Monday, 16 January 2012

THE ARTIST (2011) - 4 1/2 STARS


DIRECTOR: MICHEL HAZANAVICIUS
STARRING: JEAN DUJARDIN, BERENICE BEJO, JOHN GOODMAN


With awards season starting to take shape, the result of last night's Golden Globes brought good news for one of the best films of the year as the Harvey Weinstein produced hit The Artist scooped three awards including the Comedy/Musical Picture award. For many years , silent cinema seemed to have disappeared altogether especially when talking picture arrived back in the late 1920s and had since become a phenomenon in film since then. But this dazzling production takes us back to that time where action speaking louder then words was the best form of film-making only for the arrival of sound to effectively end silent cinema forever. Or so it seemed. After Martin Scorsese delivered his love letter to cinema with Hugo late last year, audiences were mesmerised by its stunning flashback to old cinema but now has been unseated as the true classical/modern day film which could secure itself Oscar glory come next month....


In Hollywood, 1927, silent film star George Valentin (Dujardin) relishes in his success as his latest silent film becomes another well-received hit (with a little help from his pet dog Uggie). After a chance encounter with Valentin, a pretty street girl named Peppy Miller (Bejo) manages to land a dancing part in his newest film and together, an undeniable spark develops between them. But over the next few years, silent movies fade into obscurity as talking pictures start to come around but Valentin tries to shrug it off believing it'll never last. However when he struggles for work he begins to lose everything including his wife who walks out on him and his prized possessions which he is forced to sell. Peppy on the other hand becomes the talk of Hollywood as her charisma and beauty helps her become a leading lady in various films though at the same time she tries to show her support towards George. But as his life continues to spiral out of control, he questions whether he has a purpose to carry on living but Peppy seeks to help him get back on track before it's too late.


The Weinstein's look to have another Oscar juggernaut on their hands after the success of another heartwarming film last year, The King's Speech and it is to the great credit of director/writer Michel Hazanavicius that he has worked on an immaculate and well-detailed film. In a time when we have 3D films, The Artist manages to overshadow most of the big blockbusters and allows us to feel like being part of another era of cinema. The story-line which relies on its silent roots has many moments of emotion and tension all delicately laid out by Hazanavicius's sparkling screenplay. It may lack dialogue but as they say once again, action speaks louder then words. 'Artistically' the film delivers when it comes to its depiction of the classical era of Hollywood with the cinematography beautifully filmed in black and white while the costumes are lavishing and accurate for the period its set in. Significantly though it is the musical score by Ludovic Bource which becomes dependent throughout as its usage in key scenes whether it be subtle or dramatic, adds the delightful touch to the film's magic and should hopefully secure an Oscar win in its category. Speaking of award potential, leading star Dujardin absorbs a lot of all round energy to his role thanks to his charisma and body language depicting a man whose sparkling career starts to fall apart. Looking at him on screen shows reminiscence of Gene Kelly in his embodiment of an actor in classical Hollywood and the comparisons are unsurprising. One key moment in the film showing Dujardin's dramatic side is the discomfort George shows in his nightmare scene when real sounds are heard. His beautiful co-star Bejo (who is also Hazanavicius's real life partner) gives the charm and freshness as Peppy's emergence in Hollywood is visualised from her first dance audition to the clever montage later in the film showing her rise into leading roles at George's expense. Clearly Bejo enjoys her role giving enough heart to provide the film's romance which doesn't go overboard but instead shows a more subtle understanding about the differing lives she and George have. The support cast lend worthy support though it's Goodman and James Cromwell who stand out lending peerless experience to the film while it's also nice to see 80s/90s actress Penelope Ann Miller making a comeback here as George's irritated wife. But the real scene-stealer of the film is George's canine pet Uggie who sparkles and puts a smile on everyone's face whenever he's on screen whether he be playing dead or covering his head with his paws.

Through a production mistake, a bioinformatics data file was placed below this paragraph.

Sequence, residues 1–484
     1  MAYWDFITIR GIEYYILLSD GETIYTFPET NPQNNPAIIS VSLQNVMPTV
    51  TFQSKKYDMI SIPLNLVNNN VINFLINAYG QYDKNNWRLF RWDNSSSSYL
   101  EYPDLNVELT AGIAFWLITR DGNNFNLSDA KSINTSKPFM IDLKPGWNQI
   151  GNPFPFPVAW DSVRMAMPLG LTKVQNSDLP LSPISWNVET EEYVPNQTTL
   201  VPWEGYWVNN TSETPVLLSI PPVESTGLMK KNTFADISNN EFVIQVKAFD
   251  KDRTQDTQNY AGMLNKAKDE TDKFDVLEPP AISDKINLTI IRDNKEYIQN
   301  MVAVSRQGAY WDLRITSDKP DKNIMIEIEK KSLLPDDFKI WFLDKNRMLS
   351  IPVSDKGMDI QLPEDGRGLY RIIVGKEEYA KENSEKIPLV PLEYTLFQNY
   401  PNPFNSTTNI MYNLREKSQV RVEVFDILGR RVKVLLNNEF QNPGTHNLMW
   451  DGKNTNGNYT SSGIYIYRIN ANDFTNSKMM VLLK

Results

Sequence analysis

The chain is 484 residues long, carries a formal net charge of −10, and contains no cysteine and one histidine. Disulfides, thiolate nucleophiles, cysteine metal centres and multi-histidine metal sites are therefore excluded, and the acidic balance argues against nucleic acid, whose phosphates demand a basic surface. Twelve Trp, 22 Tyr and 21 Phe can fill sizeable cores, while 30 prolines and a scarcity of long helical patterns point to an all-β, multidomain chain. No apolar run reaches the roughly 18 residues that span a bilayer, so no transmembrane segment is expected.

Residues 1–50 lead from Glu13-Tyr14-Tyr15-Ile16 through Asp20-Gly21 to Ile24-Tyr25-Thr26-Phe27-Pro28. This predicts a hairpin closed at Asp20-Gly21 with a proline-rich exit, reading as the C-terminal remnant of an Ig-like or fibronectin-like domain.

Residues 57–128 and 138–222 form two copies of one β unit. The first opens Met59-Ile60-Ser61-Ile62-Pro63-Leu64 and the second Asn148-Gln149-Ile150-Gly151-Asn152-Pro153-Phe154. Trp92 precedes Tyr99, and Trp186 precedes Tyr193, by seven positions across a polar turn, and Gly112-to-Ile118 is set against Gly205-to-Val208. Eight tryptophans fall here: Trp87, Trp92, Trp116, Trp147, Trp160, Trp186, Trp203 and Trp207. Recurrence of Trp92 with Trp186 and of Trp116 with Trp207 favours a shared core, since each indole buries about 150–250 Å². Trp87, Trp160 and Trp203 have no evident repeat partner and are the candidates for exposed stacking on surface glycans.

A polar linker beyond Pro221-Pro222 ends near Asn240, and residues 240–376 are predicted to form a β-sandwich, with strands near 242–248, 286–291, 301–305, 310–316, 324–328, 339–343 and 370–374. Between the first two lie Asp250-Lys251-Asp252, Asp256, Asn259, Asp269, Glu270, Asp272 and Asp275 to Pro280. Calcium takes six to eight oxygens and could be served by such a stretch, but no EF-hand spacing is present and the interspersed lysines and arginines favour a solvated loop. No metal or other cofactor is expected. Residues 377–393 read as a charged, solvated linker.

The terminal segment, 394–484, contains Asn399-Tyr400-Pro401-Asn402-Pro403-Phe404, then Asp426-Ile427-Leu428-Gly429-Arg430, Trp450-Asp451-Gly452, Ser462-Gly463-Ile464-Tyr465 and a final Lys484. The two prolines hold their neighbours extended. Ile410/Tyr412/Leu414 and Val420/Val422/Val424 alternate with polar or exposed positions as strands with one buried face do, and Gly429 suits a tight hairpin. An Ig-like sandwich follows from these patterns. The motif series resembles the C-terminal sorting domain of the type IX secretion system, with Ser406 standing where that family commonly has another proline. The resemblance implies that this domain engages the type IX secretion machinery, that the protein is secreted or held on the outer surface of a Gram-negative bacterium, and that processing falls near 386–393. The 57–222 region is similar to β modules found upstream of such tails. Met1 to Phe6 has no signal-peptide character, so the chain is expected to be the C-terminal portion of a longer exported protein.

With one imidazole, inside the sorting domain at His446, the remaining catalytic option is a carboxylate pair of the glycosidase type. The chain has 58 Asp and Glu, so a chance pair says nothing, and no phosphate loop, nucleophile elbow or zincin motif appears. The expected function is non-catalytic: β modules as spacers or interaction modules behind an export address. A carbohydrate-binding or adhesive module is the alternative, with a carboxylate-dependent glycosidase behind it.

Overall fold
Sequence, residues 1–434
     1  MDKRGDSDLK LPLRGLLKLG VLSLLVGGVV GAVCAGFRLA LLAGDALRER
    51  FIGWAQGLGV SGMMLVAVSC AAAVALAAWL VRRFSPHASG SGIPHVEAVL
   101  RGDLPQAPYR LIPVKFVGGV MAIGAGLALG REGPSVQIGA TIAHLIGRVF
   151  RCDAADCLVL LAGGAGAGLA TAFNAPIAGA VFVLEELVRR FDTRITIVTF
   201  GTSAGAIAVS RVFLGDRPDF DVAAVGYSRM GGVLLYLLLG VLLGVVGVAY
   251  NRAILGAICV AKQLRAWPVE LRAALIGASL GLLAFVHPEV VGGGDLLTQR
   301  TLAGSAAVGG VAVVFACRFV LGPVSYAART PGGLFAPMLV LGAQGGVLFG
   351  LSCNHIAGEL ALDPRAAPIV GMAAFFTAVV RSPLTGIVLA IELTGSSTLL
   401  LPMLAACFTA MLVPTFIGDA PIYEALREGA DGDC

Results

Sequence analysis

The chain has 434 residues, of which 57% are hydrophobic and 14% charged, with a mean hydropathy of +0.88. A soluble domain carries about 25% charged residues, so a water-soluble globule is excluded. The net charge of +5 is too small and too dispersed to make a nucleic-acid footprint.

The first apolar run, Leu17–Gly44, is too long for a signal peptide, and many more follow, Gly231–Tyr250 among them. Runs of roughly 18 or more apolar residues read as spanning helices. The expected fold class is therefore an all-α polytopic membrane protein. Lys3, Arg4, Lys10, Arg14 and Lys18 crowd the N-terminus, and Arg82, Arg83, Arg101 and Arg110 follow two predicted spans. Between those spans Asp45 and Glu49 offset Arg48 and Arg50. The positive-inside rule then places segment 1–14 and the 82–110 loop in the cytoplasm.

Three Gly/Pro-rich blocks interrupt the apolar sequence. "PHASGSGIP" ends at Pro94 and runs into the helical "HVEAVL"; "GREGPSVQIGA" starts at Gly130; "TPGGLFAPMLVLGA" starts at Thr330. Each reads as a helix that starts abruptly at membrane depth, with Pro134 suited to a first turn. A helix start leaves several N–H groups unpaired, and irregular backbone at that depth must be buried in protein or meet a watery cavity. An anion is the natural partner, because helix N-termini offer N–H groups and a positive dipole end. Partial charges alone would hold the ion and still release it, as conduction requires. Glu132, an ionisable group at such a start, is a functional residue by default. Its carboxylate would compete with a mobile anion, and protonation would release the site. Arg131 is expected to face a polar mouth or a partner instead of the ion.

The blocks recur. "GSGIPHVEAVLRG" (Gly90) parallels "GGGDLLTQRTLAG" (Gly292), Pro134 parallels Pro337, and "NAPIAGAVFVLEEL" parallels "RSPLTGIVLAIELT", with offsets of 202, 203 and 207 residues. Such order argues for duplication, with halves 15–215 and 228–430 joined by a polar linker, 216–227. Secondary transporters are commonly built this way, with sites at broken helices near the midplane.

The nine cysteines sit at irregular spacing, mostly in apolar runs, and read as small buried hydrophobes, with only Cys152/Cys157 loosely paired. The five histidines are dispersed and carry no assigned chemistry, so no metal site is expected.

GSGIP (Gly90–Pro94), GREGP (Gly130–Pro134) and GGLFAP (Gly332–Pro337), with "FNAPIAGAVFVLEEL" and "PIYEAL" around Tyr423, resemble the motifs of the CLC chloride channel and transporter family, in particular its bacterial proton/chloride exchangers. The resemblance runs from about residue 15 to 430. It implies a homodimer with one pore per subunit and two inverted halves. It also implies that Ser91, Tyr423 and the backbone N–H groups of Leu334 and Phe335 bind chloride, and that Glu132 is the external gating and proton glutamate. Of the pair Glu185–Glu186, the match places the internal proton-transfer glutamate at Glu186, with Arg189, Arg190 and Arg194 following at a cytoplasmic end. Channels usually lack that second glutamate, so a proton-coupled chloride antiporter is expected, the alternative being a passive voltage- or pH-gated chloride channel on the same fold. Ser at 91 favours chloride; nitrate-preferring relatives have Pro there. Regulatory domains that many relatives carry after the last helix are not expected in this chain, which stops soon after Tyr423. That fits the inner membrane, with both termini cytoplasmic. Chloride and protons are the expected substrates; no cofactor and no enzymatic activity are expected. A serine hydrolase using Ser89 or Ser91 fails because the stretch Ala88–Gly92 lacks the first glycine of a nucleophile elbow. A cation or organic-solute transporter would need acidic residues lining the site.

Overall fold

What stopped me from truly loving the film more was its slight flaw in its storytelling and its usage of sub-titles. A couple of scenes left me a little confused over what certain characters were saying and what they had to offer with the film's story, and it seems Hazanavicius chooses to use dialogue only at the key points. The ending also feels a little rushed to the point where our character's fates seem to wrap up too quickly and you can't help but want more from the story though it does lead to a satisfying (and unexpected conclusion).

VERDICT: A charming and artistic homage to silent era cinema, The Artist dazzles its way towards potential Oscar glory with a heartwarming story supported by two terrific lead performances (and a scene-stealing dog!) that will delight everyone and leave many....speechless!

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